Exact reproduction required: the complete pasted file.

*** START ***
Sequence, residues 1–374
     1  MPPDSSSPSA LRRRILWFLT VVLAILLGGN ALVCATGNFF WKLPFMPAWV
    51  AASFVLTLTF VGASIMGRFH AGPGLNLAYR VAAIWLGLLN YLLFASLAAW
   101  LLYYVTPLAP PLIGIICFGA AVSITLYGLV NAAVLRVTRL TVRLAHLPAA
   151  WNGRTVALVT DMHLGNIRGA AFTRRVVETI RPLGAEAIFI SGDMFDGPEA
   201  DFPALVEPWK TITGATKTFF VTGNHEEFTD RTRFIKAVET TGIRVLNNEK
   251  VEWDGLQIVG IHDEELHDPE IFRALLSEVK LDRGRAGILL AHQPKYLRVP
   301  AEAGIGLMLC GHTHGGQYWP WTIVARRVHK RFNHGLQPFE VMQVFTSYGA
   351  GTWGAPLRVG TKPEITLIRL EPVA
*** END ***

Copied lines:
Sequence, residues 1–374
     1  MPPDSSSPSA LRRRILWFLT VVLAILLGGN ALVCATGNFF WKLPFMPAWV
    51  AASFVLTLTF VGASIMGRFH AGPGLNLAYR VAAIWLGLLN YLLFASLAAW
   101  LLYYVTPLAP PLIGIICFGA AVSITLYGLV NAAVLRVTRL TVRLAHLPAA
   151  WNGRTVALVT DMHLGNIRGA AFTRRVVETI RPLGAEAIFI SGDMFDGPEA
   201  DFPALVEPWK TITGATKTFF VTGNHEEFTD RTRFIKAVET TGIRVLNNEK
   251  VEWDGLQIVG IHDEELHDPE IFRALLSEVK LDRGRAGILL AHQPKYLRVP
   301  AEAGIGLMLC GHTHGGQYWP WTIVARRVHK RFNHGLQPFE VMQVFTSYGA
   351  GTWGAPLRVG TKPEITLIRL EPVA